What would Abigail Solomon-Godeau make of “Dieux du Stade,” the new book by photographer Fred Goudon, inspired by the “Dieux du Stade” calendars featuring members of the Stade Français Paris rugby club and athletes from other disciplines?
In her 1997 book “Male Trouble: A Crisis in Representation” (Thames and Hudson), the feminist art historian suggests that the nude male has been the primary sex symbol throughout art history, reaching an apotheosis in Neoclassical (turn-of-the-19th-century) Paris in the work of such artists as David, Ingres and especially Girodet, who often portrayed their subjects in the languid pose of women offered up for the male gaze.
It’s a provocative thesis that has been shot down by any number of art historians – including Bartholomew F. Bland, deputy director of the Hudson River Museum in Yonkers, N.Y. – who’ve noted that you can find male and female nudes in any art historical period.
But to the extent that the male nude has been offered up for the male and female gaze, he has been presented since ancient Greece at least in the heroic, athletic mode of the history painting. Think Achilles, Alexander, even Jesus. (The female nude has needed no such active excuse, the exceptions being the female athletes of ancient Sparta; Artemis/Diana, goddess of the hunt; and the female athletes who pose for ESPN’s annual Body Issue.)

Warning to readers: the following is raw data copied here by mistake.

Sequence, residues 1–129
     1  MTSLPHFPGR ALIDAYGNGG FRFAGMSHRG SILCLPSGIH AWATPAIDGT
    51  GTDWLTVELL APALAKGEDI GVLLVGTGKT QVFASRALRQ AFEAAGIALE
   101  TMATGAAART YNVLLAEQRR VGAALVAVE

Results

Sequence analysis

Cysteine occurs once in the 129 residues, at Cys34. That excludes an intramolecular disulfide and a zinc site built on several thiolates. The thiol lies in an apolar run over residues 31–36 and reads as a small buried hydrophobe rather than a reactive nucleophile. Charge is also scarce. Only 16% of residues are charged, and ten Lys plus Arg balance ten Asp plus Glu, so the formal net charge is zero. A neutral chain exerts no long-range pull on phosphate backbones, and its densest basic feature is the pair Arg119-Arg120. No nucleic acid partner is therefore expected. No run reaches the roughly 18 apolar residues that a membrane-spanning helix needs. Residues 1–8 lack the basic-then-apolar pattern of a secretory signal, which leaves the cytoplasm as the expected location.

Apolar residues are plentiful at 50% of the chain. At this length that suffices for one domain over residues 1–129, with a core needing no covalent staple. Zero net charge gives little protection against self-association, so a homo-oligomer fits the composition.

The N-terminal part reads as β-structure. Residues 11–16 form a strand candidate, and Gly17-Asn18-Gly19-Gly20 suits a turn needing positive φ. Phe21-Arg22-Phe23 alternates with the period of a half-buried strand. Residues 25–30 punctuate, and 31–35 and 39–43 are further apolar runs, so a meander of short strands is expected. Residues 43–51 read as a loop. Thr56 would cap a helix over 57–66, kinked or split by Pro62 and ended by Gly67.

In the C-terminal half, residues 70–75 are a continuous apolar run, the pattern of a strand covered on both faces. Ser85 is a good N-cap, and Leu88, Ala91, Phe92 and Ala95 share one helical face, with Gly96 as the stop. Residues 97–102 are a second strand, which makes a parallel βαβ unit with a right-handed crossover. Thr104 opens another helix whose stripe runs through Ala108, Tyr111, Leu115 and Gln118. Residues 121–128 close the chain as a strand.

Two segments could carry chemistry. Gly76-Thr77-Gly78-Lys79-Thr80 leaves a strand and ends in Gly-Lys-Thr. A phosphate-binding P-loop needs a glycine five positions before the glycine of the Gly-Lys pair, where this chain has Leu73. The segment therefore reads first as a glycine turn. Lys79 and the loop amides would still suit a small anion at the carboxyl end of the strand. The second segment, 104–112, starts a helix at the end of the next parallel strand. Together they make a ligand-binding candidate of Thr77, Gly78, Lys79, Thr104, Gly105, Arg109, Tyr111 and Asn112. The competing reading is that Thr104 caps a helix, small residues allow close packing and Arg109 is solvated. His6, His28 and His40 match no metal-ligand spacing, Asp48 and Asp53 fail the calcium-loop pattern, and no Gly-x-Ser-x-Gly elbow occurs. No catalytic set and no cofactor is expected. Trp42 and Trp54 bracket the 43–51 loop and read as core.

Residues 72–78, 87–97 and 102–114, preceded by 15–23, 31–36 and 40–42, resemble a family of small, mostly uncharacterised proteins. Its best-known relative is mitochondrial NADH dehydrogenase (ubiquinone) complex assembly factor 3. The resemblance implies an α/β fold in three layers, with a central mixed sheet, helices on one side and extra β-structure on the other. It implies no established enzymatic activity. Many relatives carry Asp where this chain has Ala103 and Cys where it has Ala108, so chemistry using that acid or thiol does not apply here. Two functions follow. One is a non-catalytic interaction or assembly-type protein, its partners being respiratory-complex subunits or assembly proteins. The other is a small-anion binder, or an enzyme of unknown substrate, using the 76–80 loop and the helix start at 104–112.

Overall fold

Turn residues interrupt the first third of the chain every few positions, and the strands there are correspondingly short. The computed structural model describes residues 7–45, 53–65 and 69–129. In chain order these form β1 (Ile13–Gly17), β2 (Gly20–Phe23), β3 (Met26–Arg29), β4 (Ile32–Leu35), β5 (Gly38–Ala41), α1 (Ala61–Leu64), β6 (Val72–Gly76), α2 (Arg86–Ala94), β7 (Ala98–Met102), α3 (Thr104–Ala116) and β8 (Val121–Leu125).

These exceptions nevertheless prove the point that for a man to be nude, he must be considered in the context of something epic, even if he’s really doing nothing more than just standing there.
Which brings us back to “Dieux du Stade” (teNeues Publishing, 144 pages, 54 and 82 duotone photographs). These rippling stadium gods aren’t doing anything particularly athletic, even when they appear in locker- and shower-room settings or with various kinds of balls strategically positioned. Their stade cred is rather an excuse for some thoroughly sensuous photographs that for me at least suggest the superiority of male beauty with its high chests, six packs, tapered groins, long legs, lush hair, chiseled faces and direct self-containment.
The irony is that for all the activity of their profession and their gender, these men don’t have to do anything but stand, sit or lie there, looking good.